How does the author make the character of the father memorable in "The Fly in the Ointment" by V. S. Pritchett?
"The Fly in the Ointment" by V. S. Pritchett is a short story that tells the story of a meeting between father and son on the day the father loses his property due to bankruptcy. The son reluctantly goes to check on the old man and gauge his needs, but the old man seems fine with his lost fortune.
When we first meet the father, we are expecting a hollow man who has lost everything. Instead, we meet a powerful man who gleams with pride: “He was a vigorous, broad man with a pleased impish smile.” This is a stark contrast to the son, who is “round-shouldered and shabby, a keen but anxious fellow in need of a hair cut and going bald.” This contrast gives the reader her first glimpse that there may be more to this father than meets the eye. The author seems to delight in negatively contrasting the boy with the father.
Also, the author shows often that the father has many sides to his personality that the son has discovered over time: “His father, then a dark-haired man, talking in a voice he had never heard before, a quick, bland voice, to his customers.” This is a voice he heard when just a boy, but as they talk, he sees a new side to his father:
“Listen to me a moment. I want you to get this idea,” said his father, his warm voice going dead and rancorous and his nostrils fidgeting. His eyes went hard, too. A different man was speaking, and even a different face.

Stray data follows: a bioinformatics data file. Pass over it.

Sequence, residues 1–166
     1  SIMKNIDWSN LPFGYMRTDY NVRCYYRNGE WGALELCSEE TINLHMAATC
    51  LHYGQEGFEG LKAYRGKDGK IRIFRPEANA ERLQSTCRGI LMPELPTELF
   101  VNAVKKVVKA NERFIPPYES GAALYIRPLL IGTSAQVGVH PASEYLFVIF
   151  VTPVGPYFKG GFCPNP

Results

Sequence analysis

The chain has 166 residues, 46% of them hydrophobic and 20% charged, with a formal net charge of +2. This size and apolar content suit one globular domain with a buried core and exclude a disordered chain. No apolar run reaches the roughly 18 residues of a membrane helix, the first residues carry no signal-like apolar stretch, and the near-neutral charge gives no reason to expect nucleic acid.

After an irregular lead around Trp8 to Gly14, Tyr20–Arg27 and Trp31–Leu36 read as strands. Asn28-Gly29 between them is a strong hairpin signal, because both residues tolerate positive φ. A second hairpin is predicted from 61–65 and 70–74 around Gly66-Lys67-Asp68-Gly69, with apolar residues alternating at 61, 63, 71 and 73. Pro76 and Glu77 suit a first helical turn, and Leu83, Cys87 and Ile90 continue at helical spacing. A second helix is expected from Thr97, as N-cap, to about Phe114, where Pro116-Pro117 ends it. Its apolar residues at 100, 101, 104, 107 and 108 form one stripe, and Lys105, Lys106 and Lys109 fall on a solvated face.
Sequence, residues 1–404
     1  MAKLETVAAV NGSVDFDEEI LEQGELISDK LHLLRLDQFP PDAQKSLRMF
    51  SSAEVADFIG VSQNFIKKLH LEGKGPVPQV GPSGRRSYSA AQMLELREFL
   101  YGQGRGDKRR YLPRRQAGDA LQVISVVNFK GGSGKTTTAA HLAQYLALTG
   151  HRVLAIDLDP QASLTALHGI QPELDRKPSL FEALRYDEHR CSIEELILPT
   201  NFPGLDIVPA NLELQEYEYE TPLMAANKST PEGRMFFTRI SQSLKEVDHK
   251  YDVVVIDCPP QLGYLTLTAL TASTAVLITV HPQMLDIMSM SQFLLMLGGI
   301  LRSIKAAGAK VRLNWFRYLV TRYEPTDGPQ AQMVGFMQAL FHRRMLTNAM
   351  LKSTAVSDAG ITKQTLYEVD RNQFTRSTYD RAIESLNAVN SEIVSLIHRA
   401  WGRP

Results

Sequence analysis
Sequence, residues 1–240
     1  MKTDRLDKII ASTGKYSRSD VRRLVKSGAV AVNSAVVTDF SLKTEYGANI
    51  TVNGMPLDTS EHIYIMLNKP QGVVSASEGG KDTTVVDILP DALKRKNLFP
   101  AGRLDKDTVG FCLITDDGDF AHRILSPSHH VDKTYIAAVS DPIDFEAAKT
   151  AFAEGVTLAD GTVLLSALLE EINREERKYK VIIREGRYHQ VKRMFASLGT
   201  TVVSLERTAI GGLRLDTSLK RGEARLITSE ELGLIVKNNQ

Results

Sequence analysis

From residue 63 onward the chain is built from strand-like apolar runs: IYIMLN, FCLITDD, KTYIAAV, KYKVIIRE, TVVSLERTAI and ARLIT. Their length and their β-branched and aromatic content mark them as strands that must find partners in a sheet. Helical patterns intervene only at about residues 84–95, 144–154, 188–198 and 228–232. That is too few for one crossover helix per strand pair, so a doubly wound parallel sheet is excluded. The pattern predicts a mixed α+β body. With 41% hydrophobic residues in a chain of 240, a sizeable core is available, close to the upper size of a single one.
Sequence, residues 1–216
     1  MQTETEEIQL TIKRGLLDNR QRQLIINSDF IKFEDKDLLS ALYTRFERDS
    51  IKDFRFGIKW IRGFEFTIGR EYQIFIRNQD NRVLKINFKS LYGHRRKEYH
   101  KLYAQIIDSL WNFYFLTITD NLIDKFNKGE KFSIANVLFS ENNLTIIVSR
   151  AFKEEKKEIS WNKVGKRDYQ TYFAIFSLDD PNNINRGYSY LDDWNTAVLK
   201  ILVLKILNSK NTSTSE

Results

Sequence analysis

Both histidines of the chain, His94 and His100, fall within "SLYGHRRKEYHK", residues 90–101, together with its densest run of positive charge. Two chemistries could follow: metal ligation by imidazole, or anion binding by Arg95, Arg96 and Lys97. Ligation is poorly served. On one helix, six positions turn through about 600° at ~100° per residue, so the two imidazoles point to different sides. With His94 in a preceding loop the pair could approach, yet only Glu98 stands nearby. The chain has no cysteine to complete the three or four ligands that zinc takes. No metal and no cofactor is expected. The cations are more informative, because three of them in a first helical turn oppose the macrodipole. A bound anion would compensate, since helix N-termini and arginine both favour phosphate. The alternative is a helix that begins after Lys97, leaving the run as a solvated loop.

The son seems to have only one dimension, while the father seems multifaceted. We even learn that he may be a felon, “and the son, startled, found himself asking: Were they telling the truth when they said the old man was a crook and that his balance sheets were cooked?” This gives even more depth to the character of the father.
Lastly, the loss of the business has inspired the father to care nothing about money, since he has none now. He has accepted what has happened and has decided to act from this moment in time. However, when the son mentions he might be able to raise money, the father seems very keen to raise some capital himself. This changeability seems intriguing and a bit scary for the reader. The father is not a character that you immediately trust, but you can’t help picturing him boldly proclaiming while his son sits and simpers.
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